Democratic National Congress thrown off YouTube for copyright infringement

Michelle Obama's speech infringed copyright, some robots believe.

Remember how I was saying that robots will take all our jobs (paraphrasing slightly here)? Well, if they're going to, they have to get better than this. Wired's Ryan Singel reports on an embarrassing screw-up from YouTube's copyright-eforcement robots:

While First Lady Michelle Obama’s speech won rave reviews on Twitter Tuesday night, those who got inspired to try to watch the livestream of the convention on or YouTube found the video flagged by copyright claims shortly after it finished.

YouTube, the official streaming partner of the Democratic National Convention, put a copyright blocking message on the livestream video of the event shortly after it ended, which was embedded prominently at and DemConvention2012.

It's unclear, at the moment, what actual content the video contained that caused it to be blocked, but YouTube's automated takedown notice claims it contains content from:

WMG, SME, Associated Press (AP), UMG, Dow Jones, New York Times Digital, The Harry Fox Agency, Inc. (HFA), Warner Chappell, UMPG Publishing and EMI Music Publishing

This comes shortly after the somehow even more forehead-slapping-stupidity which occurred during the live stream of the Hugo awards, a science fiction prize.

That broadcast was pulled shortly after Neil Gaiman accepted his award for "Best Dramatic Presentation, Short Form", which he won for his episode of Doctor Who, The Doctor's Wife. It seems the award show tripped the enforceobots when it aired short clips of the five TV shows nominated.

The whole thing is particularly stupid because the Hugos actually got permission to air the clips, but even if they hadn't, it's the sort of thing which is covered under fair use. And while we can't tell what, precisely, caused the DNC livestream to be pulled, it seems unlikely that the Obama campaign hadn't cleared their media use.

Passing control to robot lawyers of almost the entirety of new media doesn't seem like the best way to effectively guarantee freedom of speech. When even the President's wife can get cut off in case she might be given penniless teens a way to listen to chart hits without paying, it seems like the pendulum has swung too far in a direction which nobody will like.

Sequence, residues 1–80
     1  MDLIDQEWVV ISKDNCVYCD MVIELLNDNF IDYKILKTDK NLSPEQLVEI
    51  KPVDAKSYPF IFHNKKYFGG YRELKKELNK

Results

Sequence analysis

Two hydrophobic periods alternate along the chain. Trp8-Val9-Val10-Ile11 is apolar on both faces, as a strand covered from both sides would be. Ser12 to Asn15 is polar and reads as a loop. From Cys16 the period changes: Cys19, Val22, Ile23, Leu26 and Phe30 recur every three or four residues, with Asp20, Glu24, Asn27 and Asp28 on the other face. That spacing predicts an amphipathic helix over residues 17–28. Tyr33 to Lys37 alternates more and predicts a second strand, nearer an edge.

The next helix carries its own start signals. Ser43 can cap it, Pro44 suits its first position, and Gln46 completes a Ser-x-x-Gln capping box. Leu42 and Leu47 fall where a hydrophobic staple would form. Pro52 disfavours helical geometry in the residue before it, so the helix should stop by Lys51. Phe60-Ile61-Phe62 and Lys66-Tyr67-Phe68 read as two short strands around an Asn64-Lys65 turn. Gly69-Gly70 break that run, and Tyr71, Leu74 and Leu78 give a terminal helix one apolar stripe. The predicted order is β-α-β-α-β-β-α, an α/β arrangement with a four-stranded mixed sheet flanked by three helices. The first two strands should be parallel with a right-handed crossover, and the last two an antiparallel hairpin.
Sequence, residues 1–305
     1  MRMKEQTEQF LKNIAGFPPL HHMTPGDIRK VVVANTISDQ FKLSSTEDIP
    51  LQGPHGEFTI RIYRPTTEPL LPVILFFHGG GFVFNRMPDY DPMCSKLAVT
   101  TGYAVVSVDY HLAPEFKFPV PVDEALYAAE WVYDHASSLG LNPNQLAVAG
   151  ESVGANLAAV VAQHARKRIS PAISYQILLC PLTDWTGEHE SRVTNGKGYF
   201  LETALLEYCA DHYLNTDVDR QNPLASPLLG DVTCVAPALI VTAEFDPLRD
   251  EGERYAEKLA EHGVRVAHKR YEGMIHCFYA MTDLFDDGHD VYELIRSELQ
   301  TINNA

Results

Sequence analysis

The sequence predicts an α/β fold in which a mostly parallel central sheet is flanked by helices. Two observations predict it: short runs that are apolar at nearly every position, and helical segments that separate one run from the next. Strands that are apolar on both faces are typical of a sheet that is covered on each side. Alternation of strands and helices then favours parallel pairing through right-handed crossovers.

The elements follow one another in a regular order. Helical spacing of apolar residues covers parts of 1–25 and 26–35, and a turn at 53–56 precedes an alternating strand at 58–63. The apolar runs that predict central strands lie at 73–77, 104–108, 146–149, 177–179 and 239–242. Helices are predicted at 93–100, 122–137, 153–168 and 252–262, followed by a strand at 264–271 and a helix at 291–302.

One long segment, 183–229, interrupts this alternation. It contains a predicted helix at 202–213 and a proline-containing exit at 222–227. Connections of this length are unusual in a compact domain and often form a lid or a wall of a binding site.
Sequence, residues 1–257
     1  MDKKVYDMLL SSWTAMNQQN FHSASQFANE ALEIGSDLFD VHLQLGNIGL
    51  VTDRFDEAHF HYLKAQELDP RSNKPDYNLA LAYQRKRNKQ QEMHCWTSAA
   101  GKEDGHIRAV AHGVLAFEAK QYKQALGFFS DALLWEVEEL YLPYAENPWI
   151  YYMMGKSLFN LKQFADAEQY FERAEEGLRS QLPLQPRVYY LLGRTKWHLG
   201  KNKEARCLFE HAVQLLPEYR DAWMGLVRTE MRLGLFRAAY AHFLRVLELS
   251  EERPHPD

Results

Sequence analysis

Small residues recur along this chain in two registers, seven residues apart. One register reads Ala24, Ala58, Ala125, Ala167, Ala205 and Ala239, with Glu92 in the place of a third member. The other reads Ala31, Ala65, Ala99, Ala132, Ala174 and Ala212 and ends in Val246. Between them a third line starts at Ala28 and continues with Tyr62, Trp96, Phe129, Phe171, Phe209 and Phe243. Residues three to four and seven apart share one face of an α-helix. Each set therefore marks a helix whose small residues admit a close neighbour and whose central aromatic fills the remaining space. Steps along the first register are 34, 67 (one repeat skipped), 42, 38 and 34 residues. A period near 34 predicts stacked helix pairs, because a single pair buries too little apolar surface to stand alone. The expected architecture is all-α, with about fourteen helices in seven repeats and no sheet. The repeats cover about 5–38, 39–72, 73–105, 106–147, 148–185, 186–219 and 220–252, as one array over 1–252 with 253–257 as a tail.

Michelle Obama speaks. Photograph: Getty Images

Alex Hern is a technology reporter for the Guardian. He was formerly staff writer at the New Statesman. You should follow Alex on Twitter.

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“Trembling, shaking / Oh, my heart is aching”: the EU out campaign song will give you chills

But not in a good way.

You know the story. Some old guys with vague dreams of empire want Britain to leave the European Union. They’ve been kicking up such a big fuss over the past few years that the government is letting the public decide.

And what is it that sways a largely politically indifferent electorate? Strikes hope in their hearts for a mildly less bureaucratic yet dangerously human rights-free future? An anthem, of course!

Originally by Carly You’re so Vain Simon, this is the song the Leave.EU campaign (Nigel Farage’s chosen group) has chosen. It is performed by the singer Antonia Suñer, for whom freedom from the technofederalists couldn’t come any suñer.

Here are the lyrics, of which your mole has done a close reading. But essentially it’s just nature imagery with fascist undertones and some heartburn.

"Let the river run

"Let all the dreamers

"Wake the nation.

"Come, the new Jerusalem."

Don’t use a river metaphor in anything political, unless you actively want to evoke Enoch Powell. Also, Jerusalem? That’s a bit... strong, isn’t it? Heavy connotations of being a little bit too Englandy.

"Silver cities rise,

"The morning lights,

"The streets that meet them,

"And sirens call them on

"With a song."

Sirens and streets. Doesn’t sound like a wholly un-authoritarian view of the UK’s EU-free future to me.

"It’s asking for the taking,

"Trembling, shaking,

"Oh, my heart is aching."

A reference to the elderly nature of many of the UK’s eurosceptics, perhaps?

"We’re coming to the edge,

"Running on the water,

"Coming through the fog,

"Your sons and daughters."

I feel like this is something to do with the hosepipe ban.

"We the great and small,

"Stand on a star,

"And blaze a trail of desire,

"Through the dark’ning dawn."

Everyone will have to speak this kind of English in the new Jerusalem, m'lady, oft with shorten’d words which will leave you feeling cringéd.

"It’s asking for the taking.

"Come run with me now,

"The sky is the colour of blue,

"You’ve never even seen,

"In the eyes of your lover."

I think this means: no one has ever loved anyone with the same colour eyes as the EU flag.

I'm a mole, innit.